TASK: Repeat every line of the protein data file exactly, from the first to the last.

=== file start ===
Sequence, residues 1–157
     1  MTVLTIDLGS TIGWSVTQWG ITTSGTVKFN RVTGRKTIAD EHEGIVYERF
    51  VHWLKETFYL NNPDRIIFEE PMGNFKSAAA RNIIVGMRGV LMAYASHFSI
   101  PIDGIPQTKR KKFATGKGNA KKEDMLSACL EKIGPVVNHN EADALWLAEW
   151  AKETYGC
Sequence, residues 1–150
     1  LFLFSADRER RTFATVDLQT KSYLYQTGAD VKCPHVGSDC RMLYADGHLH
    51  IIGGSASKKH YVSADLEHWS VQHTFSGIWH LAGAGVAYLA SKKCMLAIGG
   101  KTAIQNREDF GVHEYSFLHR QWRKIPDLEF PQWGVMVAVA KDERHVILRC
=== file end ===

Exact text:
Sequence, residues 1–157
     1  MTVLTIDLGS TIGWSVTQWG ITTSGTVKFN RVTGRKTIAD EHEGIVYERF
    51  VHWLKETFYL NNPDRIIFEE PMGNFKSAAA RNIIVGMRGV LMAYASHFSI
   101  PIDGIPQTKR KKFATGKGNA KKEDMLSACL EKIGPVVNHN EADALWLAEW
   151  AKETYGC
Sequence, residues 1–150
     1  LFLFSADRER RTFATVDLQT KSYLYQTGAD VKCPHVGSDC RMLYADGHLH
    51  IIGGSASKKH YVSADLEHWS VQHTFSGIWH LAGAGVAYLA SKKCMLAIGG
   101  KTAIQNREDF GVHEYSFLHR QWRKIPDLEF PQWGVMVAVA KDERHVILRC